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BSEE


RESIDENTIAL & SUSTAINABLE LIVING Closing the door on poor specifications


For those


considering either specifying a new door closer system for a building, or replacing an exisng one, a range of key issues need to be addressed. This includes ensuring cerficaon standards are met, performance needs are sasfied and considering just how flexible the chosen system is. David Hindle, head of door closer sales at ASSA ABLOY Opening Soluons UK & Ireland, advises.


D


eciding on the right door closer is not as straight-forward as simply who is using it and the opening force. There are a whole range of other factors to consider, including whether the door closer is for an internal or external door, inward or outward opening, what the size of the door is, the volume of traffic using it, the required closing force and how the door closer will be mounted.


Broadly speaking, however, there are three essential considerations when selecting new door closers for a building: certification, performance and flexibility.


Setting the standard


BS 8300-2:2018 is a British Standard setting out how buildings should be designed, constructed and maintained to create an accessible environment for all. BS 8300 was first introduced in 2009 and was last updated in 2018. The standard is consistently updated to take account of important legislation, such as the Equality Act 2010 and Approved Document M.


The overall aim of BS 8300 is to ensure everyone can use an environment. However, previous versions of the standard have focused more on the provision of accessibility solutions, specifically for people with a disability. In contrast, the latest update focuses on making sure the whole environment is more universally accessible, rather than simply adding on separate facilities for those with a disability. In short, a building should be accessible to all, without restriction or the need for assistance.


It is critical that decision makers install door closer solutions that consider impairments and disabilities, to help enable easy access for all.


It is important to note that BS 8300 advises on the maximum opening force for internal doors. It recommends a maximum opening force of 30N for the first 30 degrees of initial movement, and that this force must not exceed 22.5N from 30 to 60 degrees. It also covers how best to balance opening and closing forces when specifying a BS 8300-compliant door opening solution on fire rated doorsets.


Fighting fire


Door closers also need to provide maximum protection against fire and smoke, and fire safety legislation is an ever-increasing and complex part of any building’s design. Fire doors must be self- closing and, therefore, require a CE marked and tested door closer to be fitted and maintained. It’s always worth checking that a door closer supplier has the right accreditation in place, so specifiers can be confident that products will meet the necessary standards. Relevant ones include Warringtonfire’s FIRAS Installer Certification Scheme, BM TRADA’s Q-Mark Fire Door Installation and the Guild of Architectural Ironmongery’s Diploma. Furthermore, it is essential that suppliers have a comprehensive understanding of the legislation covering fire safety matters in and around buildings, such as Approved Document B, BS EN 1634 and BS 476.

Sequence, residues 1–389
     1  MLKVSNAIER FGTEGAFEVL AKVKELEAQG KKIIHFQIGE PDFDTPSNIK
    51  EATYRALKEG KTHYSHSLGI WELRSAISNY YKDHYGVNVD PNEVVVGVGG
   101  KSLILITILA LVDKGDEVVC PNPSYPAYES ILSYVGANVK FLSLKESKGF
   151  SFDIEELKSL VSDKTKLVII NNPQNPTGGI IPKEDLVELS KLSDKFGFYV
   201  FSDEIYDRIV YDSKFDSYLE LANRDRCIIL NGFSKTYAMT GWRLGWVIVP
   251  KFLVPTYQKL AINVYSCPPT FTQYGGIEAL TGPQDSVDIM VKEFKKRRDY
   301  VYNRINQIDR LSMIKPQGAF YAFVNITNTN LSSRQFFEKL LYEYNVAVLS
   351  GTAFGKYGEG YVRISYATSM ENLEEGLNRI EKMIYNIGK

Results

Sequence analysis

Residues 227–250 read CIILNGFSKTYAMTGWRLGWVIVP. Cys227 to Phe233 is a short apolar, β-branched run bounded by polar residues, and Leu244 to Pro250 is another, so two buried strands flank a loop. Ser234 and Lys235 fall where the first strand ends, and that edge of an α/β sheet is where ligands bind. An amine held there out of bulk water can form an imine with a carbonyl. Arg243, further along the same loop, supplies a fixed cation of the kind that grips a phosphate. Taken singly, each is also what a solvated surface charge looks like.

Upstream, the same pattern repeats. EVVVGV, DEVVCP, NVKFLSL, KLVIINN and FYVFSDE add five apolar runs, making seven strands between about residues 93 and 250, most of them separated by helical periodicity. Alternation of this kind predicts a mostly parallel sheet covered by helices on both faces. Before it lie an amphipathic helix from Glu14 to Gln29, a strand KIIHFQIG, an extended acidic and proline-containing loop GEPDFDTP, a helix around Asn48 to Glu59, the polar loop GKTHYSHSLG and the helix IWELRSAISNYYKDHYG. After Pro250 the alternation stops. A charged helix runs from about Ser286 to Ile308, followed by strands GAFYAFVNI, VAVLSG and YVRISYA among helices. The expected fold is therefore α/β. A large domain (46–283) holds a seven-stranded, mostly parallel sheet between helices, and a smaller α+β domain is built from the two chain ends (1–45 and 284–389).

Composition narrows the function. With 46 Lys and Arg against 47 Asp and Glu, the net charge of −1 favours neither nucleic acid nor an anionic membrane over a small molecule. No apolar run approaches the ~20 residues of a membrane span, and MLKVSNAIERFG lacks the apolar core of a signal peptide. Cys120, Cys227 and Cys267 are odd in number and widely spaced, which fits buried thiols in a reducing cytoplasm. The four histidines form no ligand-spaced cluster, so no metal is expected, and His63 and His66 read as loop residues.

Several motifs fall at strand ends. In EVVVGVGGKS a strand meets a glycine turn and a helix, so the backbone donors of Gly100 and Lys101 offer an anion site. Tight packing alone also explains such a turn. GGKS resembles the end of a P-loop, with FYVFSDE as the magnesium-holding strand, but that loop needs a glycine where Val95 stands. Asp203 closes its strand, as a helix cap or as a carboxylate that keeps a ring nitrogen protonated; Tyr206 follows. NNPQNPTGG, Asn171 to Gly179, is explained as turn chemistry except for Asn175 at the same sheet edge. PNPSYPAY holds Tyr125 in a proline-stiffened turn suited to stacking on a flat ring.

It is also worth noting that, at the end of 2017, a number of UKAS accredited authorities withdrew certification for almost all door closers used on uninsulated metal fire doors. While a number of these certifications have since been reinstated, they typically only cover the use of door closers on the side of the fire door that is deemed most at risk. In many instances, it can be difficult to determine which side of the fire door this is. Therefore, it is important to partner with a provider that has undertaken the relevant testing to ensure their door closers meet the certification requirements for uninsulated metal fire doors, whether these are fitted on the exposed (fire) or unexposed (fire safe) side of the door. This way, decision makers can be confident that there are no caveats or risks when it comes to using the supplied door closers with uninsulated metal fire doors. Ultimately, it should be clear and easy to understand whether a door closer compromises fire safety regulations or not.


Performance options


A closed door can change the ambience of a building, and even act as a hazard for those using it, which is why features such as hold-open door closers are so in demand nowadays. For the


26 BUILDING SERVICES & ENVIRONMENTAL ENGINEER NOVEMBER 2020


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